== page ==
The Construction, Forestry Mining and Energy Union has called for mandatory national training on asbestos safety for all tradespeople after a report from Curtin University found that three out of four tradespeople cannot identify asbestos in the workplace.
“Aussie tradies are at great risk from exposure to asbestos that remains in buildings in Australia, as well as from illegal imports,” CFMEU National Construction Secretary, Dave Noonan, said adding that asbestos has been banned for some time in Australia, but it’s still being imported illegally.
Recently, a building site at the Sunshine Coast Plaza project in Queensland, soil-containing asbestos was exposed during excavation works, and untrained workers were unaware of its presence. There were however, some workers on site had been trained in identifying asbestos so the work was halted.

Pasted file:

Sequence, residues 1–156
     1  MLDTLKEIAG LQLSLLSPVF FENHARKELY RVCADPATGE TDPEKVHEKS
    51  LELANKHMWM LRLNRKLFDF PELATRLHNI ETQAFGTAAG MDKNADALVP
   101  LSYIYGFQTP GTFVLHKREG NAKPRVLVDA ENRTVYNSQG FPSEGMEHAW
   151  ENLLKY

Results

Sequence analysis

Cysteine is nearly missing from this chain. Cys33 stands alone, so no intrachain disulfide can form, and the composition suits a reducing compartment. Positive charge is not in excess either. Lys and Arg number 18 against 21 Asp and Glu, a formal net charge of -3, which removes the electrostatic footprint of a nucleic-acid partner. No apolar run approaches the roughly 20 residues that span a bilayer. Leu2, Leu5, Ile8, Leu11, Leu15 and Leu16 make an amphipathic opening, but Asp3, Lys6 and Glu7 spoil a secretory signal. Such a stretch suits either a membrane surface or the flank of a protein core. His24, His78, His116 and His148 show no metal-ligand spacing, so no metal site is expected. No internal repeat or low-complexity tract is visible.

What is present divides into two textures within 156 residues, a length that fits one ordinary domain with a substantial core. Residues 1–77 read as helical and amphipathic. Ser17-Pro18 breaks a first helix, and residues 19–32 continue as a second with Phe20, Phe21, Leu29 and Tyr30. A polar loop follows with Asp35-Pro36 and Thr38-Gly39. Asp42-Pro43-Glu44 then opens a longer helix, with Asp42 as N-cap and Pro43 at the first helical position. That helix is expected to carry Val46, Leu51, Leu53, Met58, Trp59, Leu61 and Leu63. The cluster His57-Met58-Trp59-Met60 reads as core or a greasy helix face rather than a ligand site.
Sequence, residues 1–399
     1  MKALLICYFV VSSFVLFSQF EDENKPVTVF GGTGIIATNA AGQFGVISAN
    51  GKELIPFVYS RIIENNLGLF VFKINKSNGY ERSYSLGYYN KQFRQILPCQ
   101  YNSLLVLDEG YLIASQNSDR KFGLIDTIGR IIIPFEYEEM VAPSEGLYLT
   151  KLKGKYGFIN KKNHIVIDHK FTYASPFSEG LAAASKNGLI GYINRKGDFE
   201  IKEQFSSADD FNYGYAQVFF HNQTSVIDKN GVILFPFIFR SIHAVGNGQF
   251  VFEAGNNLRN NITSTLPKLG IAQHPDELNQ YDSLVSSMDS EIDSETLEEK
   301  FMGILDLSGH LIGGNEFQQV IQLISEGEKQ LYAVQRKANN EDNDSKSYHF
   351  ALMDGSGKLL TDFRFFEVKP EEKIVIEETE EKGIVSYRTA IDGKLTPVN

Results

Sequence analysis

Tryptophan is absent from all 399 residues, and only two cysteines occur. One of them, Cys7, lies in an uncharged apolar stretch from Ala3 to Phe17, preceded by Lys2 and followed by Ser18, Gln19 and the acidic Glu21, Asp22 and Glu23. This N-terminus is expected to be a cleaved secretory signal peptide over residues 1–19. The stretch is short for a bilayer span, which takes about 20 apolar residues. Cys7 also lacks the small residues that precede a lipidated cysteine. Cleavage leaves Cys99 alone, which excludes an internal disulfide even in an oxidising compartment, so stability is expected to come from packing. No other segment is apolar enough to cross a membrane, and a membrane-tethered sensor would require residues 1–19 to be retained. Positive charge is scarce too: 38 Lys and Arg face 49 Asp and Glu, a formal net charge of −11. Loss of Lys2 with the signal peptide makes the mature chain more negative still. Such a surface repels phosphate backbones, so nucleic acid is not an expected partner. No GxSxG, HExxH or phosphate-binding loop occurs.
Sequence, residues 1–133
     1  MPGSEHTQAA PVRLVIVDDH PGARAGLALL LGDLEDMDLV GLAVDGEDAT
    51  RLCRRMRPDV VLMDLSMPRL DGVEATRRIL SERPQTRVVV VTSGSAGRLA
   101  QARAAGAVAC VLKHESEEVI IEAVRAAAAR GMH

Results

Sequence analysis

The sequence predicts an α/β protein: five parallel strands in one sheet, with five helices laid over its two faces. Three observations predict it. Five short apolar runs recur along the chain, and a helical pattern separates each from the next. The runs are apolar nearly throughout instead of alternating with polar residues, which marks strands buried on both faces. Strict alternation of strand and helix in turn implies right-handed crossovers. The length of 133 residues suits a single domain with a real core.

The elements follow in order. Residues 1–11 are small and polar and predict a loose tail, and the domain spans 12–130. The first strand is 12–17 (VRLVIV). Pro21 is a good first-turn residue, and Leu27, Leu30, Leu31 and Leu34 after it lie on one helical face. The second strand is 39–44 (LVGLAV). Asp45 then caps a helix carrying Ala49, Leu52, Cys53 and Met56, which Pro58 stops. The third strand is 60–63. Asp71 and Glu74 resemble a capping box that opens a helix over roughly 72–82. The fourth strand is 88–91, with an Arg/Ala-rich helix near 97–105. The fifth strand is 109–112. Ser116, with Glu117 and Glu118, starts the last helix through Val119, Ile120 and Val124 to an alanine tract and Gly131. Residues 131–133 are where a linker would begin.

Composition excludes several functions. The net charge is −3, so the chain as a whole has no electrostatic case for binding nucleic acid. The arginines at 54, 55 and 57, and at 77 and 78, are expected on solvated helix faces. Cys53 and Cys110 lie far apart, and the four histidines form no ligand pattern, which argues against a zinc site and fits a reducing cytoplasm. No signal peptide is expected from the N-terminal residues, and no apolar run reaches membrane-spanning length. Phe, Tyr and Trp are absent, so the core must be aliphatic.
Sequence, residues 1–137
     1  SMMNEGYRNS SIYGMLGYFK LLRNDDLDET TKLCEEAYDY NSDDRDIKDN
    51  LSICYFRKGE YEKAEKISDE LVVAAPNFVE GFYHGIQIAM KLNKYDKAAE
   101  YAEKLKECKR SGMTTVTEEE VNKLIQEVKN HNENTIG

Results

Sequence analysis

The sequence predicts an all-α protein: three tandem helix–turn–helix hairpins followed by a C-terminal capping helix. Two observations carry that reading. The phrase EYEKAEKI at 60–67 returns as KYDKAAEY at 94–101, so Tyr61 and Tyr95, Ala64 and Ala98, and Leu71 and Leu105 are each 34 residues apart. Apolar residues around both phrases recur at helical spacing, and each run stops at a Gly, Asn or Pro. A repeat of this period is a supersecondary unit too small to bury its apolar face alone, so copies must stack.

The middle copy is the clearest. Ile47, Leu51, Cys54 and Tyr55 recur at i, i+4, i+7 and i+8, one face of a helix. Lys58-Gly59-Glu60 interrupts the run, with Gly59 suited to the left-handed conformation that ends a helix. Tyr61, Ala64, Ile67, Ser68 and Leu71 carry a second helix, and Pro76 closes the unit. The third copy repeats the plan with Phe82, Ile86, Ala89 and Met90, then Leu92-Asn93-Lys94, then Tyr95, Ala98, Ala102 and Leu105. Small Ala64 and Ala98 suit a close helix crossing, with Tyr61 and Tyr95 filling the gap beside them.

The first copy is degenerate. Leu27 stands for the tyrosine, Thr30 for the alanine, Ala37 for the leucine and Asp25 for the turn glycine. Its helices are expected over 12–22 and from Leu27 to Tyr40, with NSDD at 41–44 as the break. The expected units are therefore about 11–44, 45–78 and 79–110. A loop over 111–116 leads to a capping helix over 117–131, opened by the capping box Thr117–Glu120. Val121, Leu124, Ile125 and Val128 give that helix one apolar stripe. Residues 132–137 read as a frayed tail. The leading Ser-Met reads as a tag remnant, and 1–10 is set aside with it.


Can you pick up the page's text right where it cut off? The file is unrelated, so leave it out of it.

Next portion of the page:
“The fact that this incident occurred on a $400 million site shows that the problem is widespread. The study from Curtin University highlights a disturbing lack of awareness about asbestos among tradespeople,” said Noonan.
“Asbestos is deadly. Any exposure to asbestos fibres could cause mesothelioma or other asbestos related diseases and it’s time for State and Federal Governments and the sector to tackle the lack of regulation in the building industry, which is putting lives at risk.
“We need national, mandatory training for all apprentices to make them aware of the dangers and safe handling of asbestos. The CFMEU stands ready to work with the industry and all governments to make this happen.”
Image sourced from Flickr cc: GoneA